PROEM: Enough Conflict (n5MD)


Posted on Aug 23rd 2010 01:08 am

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Proem: Enough Conflict

Enough Conflict
n5MD 2010
14 Tracks. 50mins23secs

Amazon UK: CD | DLD US: CD | DLD Boomkat: DLD iTunes: DLD

In the ten years or so since he first appeared on the music scene, Proem’s Richard Bailey has contributed releases to quite a few labels, from Hydrant and Monotonik to En:peg Digital and Nonresponse, but he has always returned to California-based n5MD, publishing four albums through them, one of which still only available as a MiniDisc, harking back to the original nature of the label.

One of the main qualities of Bailey’s work is the way he maintains a fine balance between melody and abstraction, yet, his last album, Till There’s No Breath, released last year on Nonresponse, investigated much dark terrains than usual. With its slow-moving pieces, dense soundscapes and vast reverbs, the album wouldn’t have sounded too out of place on Miasmah. With Enough Conflict, Bailey returns to more familiar grounds, weaving varied and contrasted soundscapes into sumptuous melodies to create a soundtrack which ranges from moody glitch-ridden electronica (Deep Sleeping Birds, Jiittirrrriii, Sudden Sharp Turns) and intricate constructions (Guns.Knives.Lemons, She Never Cries, Enough Conflict) to sumptuous atmospheric pieces (Kalimba Jam, @ The Firey Abyss, A Short Bit Before You Go).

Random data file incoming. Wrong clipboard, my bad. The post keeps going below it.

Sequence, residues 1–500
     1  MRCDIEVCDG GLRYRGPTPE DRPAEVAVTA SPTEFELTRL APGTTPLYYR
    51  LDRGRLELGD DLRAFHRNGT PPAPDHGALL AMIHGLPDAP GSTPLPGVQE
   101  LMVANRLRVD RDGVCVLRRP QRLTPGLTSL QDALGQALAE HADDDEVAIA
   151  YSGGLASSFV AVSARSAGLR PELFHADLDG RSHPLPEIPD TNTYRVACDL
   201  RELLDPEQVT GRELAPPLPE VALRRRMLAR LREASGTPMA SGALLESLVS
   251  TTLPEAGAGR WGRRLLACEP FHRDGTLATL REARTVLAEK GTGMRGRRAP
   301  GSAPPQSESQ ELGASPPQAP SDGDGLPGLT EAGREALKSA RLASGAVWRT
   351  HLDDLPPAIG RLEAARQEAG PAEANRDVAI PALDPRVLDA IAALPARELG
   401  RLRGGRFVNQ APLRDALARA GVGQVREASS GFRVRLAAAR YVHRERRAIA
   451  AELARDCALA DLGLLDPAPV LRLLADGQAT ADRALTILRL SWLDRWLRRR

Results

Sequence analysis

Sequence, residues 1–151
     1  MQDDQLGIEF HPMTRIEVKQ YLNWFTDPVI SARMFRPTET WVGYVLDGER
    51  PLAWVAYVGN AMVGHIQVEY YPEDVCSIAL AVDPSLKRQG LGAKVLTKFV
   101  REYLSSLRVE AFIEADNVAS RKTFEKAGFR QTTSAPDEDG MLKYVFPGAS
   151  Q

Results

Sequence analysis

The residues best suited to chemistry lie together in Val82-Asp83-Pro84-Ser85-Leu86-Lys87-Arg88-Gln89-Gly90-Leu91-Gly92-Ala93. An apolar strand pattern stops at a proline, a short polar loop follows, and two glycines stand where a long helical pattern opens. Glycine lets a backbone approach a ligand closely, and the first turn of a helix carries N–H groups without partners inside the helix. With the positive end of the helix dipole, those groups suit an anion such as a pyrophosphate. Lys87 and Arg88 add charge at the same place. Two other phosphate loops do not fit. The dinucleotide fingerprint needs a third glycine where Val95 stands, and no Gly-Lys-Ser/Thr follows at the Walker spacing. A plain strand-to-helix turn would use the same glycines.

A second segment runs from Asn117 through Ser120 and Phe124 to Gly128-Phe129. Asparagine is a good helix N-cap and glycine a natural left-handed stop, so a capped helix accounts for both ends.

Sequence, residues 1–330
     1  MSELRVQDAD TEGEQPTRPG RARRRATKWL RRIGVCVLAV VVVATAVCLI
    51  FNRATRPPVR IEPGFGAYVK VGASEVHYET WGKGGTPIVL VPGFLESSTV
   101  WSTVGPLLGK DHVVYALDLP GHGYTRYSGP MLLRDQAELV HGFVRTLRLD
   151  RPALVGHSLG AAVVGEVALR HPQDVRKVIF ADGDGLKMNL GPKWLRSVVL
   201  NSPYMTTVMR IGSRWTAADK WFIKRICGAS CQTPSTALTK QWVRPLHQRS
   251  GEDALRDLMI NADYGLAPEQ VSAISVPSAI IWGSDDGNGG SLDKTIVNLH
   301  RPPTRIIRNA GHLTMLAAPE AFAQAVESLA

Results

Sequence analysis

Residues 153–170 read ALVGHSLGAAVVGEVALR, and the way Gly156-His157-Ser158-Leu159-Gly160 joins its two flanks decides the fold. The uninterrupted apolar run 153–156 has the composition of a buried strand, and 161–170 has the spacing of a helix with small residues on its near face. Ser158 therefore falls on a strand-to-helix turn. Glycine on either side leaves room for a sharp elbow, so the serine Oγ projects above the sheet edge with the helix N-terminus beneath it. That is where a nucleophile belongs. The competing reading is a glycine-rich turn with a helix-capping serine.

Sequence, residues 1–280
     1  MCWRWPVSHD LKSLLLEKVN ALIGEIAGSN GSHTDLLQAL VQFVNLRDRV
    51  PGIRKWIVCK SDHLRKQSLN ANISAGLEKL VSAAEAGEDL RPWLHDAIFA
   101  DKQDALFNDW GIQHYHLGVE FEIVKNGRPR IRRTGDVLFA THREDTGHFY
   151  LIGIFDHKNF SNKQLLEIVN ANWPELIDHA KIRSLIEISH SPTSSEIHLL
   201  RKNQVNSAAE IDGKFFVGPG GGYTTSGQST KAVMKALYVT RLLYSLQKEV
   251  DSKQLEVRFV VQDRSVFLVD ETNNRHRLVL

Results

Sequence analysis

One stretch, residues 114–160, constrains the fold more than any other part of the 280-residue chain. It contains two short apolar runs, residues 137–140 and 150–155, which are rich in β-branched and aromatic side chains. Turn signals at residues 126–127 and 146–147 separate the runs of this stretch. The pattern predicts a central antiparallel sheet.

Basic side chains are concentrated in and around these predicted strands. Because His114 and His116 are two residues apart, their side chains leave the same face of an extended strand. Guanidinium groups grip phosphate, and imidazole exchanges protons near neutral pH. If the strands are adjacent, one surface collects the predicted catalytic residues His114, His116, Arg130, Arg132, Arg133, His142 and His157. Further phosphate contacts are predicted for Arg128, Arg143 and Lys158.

While technology is undoubtedly at the core of his work, Bailey tempers that with occasional stabs at the piano, especially on the cinematic Fall Forward, on which he combines acoustic and electronic sounds into a very effective emotionally-charged piece. The piano surfaces elsewhere in the album, but it is very much Bailey’s rather exquisite sound design and strong vision of sound placement that dominate here. This is felt throughout, but it appears most significantly on tracks such as album opener Deep Sleeping Birds, She Never Cries, Sudden Sharp Turns or the title track for instance, which see the man juggling extremely delicate textures, often placed as part of the backdrop, yet still very much part of the fabric of these pieces, and more prominent sound forms, resulting in very coherent compositions.

There is no clear progression or narrative through the record, although the tone changes toward the end from complex electronic structures to much more ethereal and ambient forms, hinting at the sombre overtones of Bailey’s previous album. Instead, the mood changes continuously as Bailey alternates between moody compositions, cinematic pieces and atmospheric tracks. While this occasionally interferes with any natural flow, it surprises the listener by going against expectations and actually contributes to the album feeling fresh and vibrant.


Proem | n5MD
Amazon UK: CD | DLD US: CD | DLD Boomkat: DLD iTunes: DLD

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